Workers battling the El Camino Healthcare District over its acquisition of five clinics and refusal to retain the 180 people who staff them want voters to weigh in on the expansion.
“This initiative is a matter of democracy and how the district needs to be accountable to voters and the millions of taxpayer dollars entrusted to them,” Sunnyvale resident and initiative proponent Andrew Barragan said in a news release issued this morning. “If the district plans to expand outside the community that created and supports it, it should get voters’ consent and reassure them that it synchs with the community’s values.”
The ballot initiative would ensure that the purchase or maintenance of facilities beyond district boundaries would be subject to voter approval. It would apply retroactively to all actions from Jan. 1 this year, including the $1.3 million acquisition of clinics in San Jose, Gilroy and Morgan Hill from the bankrupt Verity Health.
The sale is expected to close on April 1.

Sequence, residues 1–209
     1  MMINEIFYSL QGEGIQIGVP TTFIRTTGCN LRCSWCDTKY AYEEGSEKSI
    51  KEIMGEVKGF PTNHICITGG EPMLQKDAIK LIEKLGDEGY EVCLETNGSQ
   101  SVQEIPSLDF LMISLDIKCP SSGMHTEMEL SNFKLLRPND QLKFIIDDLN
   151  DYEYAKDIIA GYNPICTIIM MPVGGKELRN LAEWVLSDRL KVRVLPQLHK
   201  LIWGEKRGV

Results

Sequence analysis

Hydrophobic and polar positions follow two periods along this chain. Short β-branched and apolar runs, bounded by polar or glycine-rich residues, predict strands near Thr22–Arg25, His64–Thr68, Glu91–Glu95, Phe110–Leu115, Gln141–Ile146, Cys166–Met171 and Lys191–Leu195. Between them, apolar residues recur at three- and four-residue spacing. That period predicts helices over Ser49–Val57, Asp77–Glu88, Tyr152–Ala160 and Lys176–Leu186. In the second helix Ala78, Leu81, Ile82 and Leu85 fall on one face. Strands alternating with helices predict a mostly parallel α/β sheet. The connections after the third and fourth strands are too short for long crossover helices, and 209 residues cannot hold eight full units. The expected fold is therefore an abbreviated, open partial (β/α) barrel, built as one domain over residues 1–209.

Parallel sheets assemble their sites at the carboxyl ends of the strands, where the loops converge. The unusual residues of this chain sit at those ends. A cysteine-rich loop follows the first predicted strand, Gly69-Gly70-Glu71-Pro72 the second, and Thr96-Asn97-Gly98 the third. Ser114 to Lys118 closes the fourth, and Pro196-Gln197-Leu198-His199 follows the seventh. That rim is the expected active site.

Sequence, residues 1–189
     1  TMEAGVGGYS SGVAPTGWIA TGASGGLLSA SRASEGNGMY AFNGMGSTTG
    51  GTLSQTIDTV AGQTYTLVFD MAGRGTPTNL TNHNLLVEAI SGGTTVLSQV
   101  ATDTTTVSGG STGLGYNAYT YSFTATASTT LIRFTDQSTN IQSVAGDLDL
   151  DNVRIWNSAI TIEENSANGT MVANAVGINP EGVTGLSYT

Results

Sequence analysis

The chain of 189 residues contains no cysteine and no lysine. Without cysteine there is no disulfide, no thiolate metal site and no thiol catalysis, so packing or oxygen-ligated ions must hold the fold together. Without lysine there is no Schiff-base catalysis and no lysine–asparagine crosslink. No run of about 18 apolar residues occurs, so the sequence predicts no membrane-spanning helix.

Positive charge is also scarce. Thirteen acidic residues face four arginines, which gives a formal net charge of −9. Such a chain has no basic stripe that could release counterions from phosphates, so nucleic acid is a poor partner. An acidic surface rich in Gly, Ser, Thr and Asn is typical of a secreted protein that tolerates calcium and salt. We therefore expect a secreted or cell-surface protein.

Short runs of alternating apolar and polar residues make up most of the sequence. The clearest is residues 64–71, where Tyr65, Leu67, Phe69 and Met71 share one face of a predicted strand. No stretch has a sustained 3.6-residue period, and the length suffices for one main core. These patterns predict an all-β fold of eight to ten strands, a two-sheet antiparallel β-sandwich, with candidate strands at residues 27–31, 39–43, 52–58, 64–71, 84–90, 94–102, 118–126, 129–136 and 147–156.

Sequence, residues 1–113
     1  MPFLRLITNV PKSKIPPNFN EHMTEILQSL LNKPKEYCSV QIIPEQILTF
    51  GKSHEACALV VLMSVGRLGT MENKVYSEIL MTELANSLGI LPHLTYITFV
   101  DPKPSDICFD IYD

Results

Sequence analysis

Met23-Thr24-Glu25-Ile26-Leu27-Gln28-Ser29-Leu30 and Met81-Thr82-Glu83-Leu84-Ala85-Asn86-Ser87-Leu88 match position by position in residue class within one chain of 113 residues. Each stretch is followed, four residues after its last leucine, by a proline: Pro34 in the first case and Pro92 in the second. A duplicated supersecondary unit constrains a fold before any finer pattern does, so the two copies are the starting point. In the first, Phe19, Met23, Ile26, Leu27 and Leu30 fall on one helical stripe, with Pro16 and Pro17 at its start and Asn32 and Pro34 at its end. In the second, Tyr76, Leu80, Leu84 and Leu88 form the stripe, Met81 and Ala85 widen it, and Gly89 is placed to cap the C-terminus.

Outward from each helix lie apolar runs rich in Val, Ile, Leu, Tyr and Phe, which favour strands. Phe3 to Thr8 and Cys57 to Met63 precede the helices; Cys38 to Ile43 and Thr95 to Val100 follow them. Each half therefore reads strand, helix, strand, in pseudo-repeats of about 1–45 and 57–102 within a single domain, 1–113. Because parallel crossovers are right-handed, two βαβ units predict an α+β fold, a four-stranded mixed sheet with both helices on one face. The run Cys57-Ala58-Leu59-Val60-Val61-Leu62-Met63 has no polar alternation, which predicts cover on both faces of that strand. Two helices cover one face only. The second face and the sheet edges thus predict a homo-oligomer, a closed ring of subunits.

“The district is becoming less and less accountable to voters as the board of directors grows to include more unelected members,” Veronica Vides, another Sunnyvale resident and initiative backer, said. “El Camino is a community resource and we need to ensure that the community maintains control over it.”
More than a dozen elected officials have joined workers in urging the district’s board to keep the new clinics open without laying off any employees, including Reps. Zoe Lofgren, Anna Eshoo and Ro Khanna as well as Santa Clara County supervisors Susan Ellenberg and Dave Cortese and San Jose councilors Magdalena Carrasco, Maya Esparza, Sergio Jimenez and Raul Peralez.
The El Camino Healthcare District spans most of Mountain View, Los Altos and the Los Altos Hills, the vast majority of Sunnyvale and small portions of Cupertino, Santa Clara And Palo Alto. Five elected members comprise its governing board.